Article

Interventions to Enhance Medication Adherence in Chronic Medical Conditions: A Systematic Review

Division of General Medicine, Department of Internal Medicine, Emory University School of Medicine, Atlanta, GA 30303, USA.
Archives of Internal Medicine (Impact Factor: 17.33). 04/2007; 167(6):540-50. DOI: 10.1001/archinte.167.6.540
Source: PubMed

ABSTRACT

Approximately 20% to 50% of patients are not adherent to medical therapy. This review was performed to summarize, categorize, and estimate the effect size (ES) of interventions to improve medication adherence in chronic medical conditions.
Randomized controlled trials published from January 1967 to September 2004 were eligible if they described 1 or more unconfounded interventions intended to enhance adherence with self-administered medications in the treatment of chronic medical conditions. Trials that reported at least 1 measure of medication adherence and 1 clinical outcome, with at least 80% follow-up during 6 months, were included. Study characteristics and results for adherence and clinical outcomes were extracted. In addition, ES was calculated for each outcome.
Among 37 eligible trials (including 12 informational, 10 behavioral, and 15 combined informational, behavioral, and/or social investigations), 20 studies reported a significant improvement in at least 1 adherence measure. Adherence increased most consistently with behavioral interventions that reduced dosing demands (3 of 3 studies, large ES [0.89-1.20]) and those involving monitoring and feedback (3 of 4 studies, small to large ES [0.27-0.81]). Adherence also improved in 6 multisession informational trials (small to large ES [0.35-1.13]) and 8 combined interventions (small to large ES [absolute value, 0.43-1.20]). Eleven studies (4 informational, 3 behavioral, and 4 combined) demonstrated improvement in at least 1 clinical outcome, but effects were variable (very small to large ES [0.17-3.41]) and not consistently related to changes in adherence.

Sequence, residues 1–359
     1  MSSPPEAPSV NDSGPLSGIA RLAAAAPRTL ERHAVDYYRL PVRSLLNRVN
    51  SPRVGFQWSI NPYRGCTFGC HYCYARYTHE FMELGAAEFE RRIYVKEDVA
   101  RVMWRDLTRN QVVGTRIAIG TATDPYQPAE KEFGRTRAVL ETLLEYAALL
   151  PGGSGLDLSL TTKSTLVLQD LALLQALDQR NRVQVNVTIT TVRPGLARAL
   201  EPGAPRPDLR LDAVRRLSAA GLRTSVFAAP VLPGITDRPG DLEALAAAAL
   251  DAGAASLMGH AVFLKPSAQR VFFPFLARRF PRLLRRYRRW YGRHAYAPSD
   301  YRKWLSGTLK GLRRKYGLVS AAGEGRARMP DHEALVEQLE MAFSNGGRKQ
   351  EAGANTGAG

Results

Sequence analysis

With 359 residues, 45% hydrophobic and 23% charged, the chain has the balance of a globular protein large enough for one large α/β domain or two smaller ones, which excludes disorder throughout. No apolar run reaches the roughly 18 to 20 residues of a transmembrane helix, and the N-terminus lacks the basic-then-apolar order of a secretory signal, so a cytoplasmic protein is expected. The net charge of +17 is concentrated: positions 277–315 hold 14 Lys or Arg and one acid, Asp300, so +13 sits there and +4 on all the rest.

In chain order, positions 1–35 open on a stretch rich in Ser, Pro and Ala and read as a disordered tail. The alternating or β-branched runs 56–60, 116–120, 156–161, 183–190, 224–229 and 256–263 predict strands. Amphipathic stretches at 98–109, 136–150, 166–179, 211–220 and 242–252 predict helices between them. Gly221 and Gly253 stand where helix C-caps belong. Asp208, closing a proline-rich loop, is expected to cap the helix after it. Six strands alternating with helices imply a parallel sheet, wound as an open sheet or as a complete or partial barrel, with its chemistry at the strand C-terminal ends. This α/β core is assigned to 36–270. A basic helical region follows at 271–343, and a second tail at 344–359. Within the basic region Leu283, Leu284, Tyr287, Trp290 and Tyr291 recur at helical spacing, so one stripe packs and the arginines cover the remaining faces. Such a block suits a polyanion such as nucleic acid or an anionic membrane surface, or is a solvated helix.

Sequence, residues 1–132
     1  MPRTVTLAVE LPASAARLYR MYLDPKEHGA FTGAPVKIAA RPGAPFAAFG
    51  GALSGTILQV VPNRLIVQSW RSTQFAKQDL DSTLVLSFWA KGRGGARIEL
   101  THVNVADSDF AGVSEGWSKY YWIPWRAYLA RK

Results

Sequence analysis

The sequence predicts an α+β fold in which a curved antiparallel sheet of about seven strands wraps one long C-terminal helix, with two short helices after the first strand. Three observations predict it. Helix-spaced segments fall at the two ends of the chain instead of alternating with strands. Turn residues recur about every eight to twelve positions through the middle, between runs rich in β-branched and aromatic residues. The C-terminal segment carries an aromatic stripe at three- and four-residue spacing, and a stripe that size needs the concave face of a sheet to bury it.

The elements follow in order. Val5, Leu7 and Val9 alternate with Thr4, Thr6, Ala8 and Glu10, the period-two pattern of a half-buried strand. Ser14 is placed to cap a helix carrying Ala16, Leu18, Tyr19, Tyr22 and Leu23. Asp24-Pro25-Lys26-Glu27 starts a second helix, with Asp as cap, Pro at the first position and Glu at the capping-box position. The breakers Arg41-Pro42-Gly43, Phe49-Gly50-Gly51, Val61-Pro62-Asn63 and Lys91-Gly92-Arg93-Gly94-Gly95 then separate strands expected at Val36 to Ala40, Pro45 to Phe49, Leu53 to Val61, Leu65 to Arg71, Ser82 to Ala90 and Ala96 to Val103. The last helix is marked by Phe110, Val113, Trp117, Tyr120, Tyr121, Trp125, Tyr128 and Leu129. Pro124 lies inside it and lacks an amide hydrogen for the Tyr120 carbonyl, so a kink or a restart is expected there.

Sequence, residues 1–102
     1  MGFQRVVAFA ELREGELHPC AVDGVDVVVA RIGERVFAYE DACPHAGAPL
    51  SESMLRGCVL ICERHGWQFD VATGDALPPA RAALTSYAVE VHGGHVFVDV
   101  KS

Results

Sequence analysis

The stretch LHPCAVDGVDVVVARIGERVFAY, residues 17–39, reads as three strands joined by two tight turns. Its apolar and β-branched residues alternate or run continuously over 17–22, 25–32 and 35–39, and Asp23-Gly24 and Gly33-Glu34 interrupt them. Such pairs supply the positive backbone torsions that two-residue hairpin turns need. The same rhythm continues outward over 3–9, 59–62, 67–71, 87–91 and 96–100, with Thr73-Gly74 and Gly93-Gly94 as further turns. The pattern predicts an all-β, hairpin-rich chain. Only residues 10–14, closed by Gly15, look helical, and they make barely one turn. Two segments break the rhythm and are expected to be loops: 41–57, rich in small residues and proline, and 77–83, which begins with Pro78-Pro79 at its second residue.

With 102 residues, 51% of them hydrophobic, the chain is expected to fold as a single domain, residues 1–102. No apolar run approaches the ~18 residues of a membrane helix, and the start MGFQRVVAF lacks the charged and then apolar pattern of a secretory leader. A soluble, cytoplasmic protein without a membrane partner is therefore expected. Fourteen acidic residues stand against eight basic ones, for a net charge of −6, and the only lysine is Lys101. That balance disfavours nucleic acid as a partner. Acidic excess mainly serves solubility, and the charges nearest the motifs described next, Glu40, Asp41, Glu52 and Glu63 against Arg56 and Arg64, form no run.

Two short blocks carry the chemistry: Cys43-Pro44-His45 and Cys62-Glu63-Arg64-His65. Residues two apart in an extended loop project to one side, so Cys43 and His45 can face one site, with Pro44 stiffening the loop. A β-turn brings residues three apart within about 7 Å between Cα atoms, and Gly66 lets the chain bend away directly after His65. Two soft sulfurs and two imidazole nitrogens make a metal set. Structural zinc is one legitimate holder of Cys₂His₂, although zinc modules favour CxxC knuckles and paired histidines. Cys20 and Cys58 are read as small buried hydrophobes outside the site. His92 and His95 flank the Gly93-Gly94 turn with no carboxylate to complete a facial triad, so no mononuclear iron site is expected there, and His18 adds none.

Several types of interventions are effective in improving medication adherence in chronic medical conditions, but few significantly affected clinical outcomes.

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Available from: Xiaomei Yao, Apr 15, 2014
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    • "In fact, the issue of non-adherence increases notably in older patients who have multiple morbidities (National Institute for Health and Care Excellence, 2015), which in turn requires managing multiple drugs and hence more memory resources. Both impaired memory and a high number of medicines commonly prescribed to older patients may explain the observed low adherence to medication that characterizes this population (Kripalani et al., 2007), above all when patients suffer from three or more morbidities and have to take three or more drugs (Tavares et al., 2013). Given that the population is aging and life expectancy is increasing, any procedure that helps patients to overcome their memory loss concerning medical treatment would foster their adherence to medical prescriptions and subsequent health improvement. "
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    • "Medication non-adherence is a widespread problem in the United States, increasing safety risks for patients and placing a significant financial burden on the healthcare industry [1]. Poor adherence to medication often results in substantial worsening of a disease, increased mortality, and unnecessary healthcare costs [2] [3]. For the purposes of this paper, we limit the definition of adherence to the medication regimen a physician prescribes, and a patient's commitment to taking those medications as prescribed. "
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